Under the requirements of the Children Act, local authorities “shall” provide accommodation to any child “within their area” and to “safeguard and promote his welfare”. This duty is an absolute one. There is no discretion within the legislation; nor is there any scope for local authorities to derogate from it. Kent’s decision to do so regardless meant that the Home Office’s decision for a short, desperate period of time to use hotels, may have been lawful; it at least kept the children warm and fed. What was not acceptable was for such a policy to become “entrenched”. This, Mr Justice Chamberlain concluded, was what had happened. The exception had become the rule.

Kent County Council might have been the first movers in their abdication of responsibility, but they are not chief wrongdoers here. Ultimate responsibility lies with central government, and with the inability of the Home Secretary, Suella Braverman, to get to grips with the broader immigration crisis. Kent’s decision for the most part was driven by financial and pragmatic exigency. The council was near to bankruptcy last year, while the number of asylum-seekers in Kent has helped to push its housing, education, and children’s services beyond tipping point.

If central government was engaging with the question of asylum in good faith, the Kent Protocol would have been unnecessary. Within his judgment, Mr Justice Chamberlain noted that the Education Secretary could have mandated Kent to fulfil its legislative obligations, providing the council with the funding necessary. Alternatively, the Home Secretary could have increased funding to Kent, offered financial incentives to other local authorities, or brought in more robust enforcement measures. Neither secretary of state pursued any of these lawful courses of action.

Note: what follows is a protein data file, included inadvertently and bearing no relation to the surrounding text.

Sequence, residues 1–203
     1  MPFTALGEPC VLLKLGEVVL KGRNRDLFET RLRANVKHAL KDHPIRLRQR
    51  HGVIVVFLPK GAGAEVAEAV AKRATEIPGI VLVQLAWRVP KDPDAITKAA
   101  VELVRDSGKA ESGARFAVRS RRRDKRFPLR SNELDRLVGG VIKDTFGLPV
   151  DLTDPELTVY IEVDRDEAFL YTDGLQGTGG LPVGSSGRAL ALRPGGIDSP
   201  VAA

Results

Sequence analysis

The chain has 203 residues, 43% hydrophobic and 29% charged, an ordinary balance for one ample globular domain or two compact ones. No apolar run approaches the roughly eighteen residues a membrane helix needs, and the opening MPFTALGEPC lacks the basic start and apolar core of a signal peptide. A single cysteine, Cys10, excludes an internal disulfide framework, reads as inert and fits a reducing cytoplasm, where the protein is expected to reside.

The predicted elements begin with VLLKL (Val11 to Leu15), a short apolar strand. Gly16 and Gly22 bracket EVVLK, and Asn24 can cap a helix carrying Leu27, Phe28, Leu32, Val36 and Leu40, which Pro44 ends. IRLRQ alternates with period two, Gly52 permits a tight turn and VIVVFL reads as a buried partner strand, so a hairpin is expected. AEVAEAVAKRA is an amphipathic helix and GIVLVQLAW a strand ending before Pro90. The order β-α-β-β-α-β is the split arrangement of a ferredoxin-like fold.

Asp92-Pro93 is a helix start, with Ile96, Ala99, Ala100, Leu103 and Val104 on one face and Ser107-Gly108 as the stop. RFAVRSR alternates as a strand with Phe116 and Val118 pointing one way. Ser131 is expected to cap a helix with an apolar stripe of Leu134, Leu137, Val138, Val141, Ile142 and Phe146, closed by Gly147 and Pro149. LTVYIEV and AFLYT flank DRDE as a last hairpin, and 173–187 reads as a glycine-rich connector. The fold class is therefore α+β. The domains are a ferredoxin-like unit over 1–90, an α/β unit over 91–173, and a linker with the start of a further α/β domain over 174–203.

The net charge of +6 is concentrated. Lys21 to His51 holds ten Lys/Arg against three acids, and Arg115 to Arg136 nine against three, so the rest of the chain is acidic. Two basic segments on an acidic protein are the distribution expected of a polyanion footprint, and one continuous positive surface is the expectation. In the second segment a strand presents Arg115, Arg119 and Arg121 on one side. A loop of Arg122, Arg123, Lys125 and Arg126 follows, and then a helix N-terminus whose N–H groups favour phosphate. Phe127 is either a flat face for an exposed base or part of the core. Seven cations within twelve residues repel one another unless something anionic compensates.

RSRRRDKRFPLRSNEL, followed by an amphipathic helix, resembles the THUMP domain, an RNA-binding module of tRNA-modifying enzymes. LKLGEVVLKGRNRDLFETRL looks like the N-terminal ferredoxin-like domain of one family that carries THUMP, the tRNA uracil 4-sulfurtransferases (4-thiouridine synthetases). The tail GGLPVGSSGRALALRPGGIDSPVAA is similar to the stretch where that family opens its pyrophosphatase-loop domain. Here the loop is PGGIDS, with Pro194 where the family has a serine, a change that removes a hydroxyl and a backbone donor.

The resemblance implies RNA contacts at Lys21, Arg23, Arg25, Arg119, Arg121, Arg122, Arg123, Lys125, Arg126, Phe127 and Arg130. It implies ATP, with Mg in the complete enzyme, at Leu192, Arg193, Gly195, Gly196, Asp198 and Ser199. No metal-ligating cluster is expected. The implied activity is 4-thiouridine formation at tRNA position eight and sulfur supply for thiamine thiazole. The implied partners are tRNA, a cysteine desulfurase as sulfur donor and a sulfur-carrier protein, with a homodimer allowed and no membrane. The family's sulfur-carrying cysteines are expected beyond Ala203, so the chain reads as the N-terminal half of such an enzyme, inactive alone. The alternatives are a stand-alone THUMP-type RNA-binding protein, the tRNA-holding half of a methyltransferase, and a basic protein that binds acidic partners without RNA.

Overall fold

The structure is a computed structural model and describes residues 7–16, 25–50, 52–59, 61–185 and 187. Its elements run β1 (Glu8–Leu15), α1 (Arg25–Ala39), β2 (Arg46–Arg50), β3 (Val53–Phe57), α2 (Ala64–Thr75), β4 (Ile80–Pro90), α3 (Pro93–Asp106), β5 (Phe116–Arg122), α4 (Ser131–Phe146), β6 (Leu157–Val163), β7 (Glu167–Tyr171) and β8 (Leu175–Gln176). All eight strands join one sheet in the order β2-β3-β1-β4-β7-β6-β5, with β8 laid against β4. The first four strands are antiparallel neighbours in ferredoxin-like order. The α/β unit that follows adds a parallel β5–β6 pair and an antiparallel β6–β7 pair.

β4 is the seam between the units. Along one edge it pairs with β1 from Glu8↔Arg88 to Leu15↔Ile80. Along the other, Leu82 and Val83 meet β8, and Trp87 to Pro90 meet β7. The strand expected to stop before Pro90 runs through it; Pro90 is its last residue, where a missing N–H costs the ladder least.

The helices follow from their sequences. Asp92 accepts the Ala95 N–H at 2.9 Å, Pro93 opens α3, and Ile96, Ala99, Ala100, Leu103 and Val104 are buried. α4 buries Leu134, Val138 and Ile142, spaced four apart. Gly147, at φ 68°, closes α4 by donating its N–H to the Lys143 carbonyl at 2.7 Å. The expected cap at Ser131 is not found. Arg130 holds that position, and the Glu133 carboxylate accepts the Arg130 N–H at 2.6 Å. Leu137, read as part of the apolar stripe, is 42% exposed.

THE children who have been failed by the Government are innocents sacrificed as part of a broader culture war. Asylum has become a totemic issue for the Government, emblematic of its broader “war on woke”. But, no matter what the average voters’ views on asylum are, few votes are going to be won through deliberately making children suffer.

As reports emerge of Ms Braverman considering resurrecting the Ascension Island relocation scheme, it might be that ministerial decision-making in the Home Office now defies comprehension. Faced with challenges that they do not have the intellect, skills, or basic human compassion to deal with, the Home Office is lashing out. Not only do its policies not address the issues, but they could — as the High Court noted — open ministers to criminal prosecution.

The children in Kristof’s novel were abandoned by society. To adopt the legalese of Mr Justice Chamberlain’s judgment, they were not “looked after by a corporate parent with the relevant expertise and experience”. So, too, are the children failed by the Government and Kent County Council. Children are society’s weakest and most vulnerable members. A government that can no longer care for this group does not deserve the label of government at all.

Nicholas Reed Langen is a writer on legal and constitutional affairs, a former Re:Constitution Fellow (2021-22), and editor of the LSE Public Policy Review.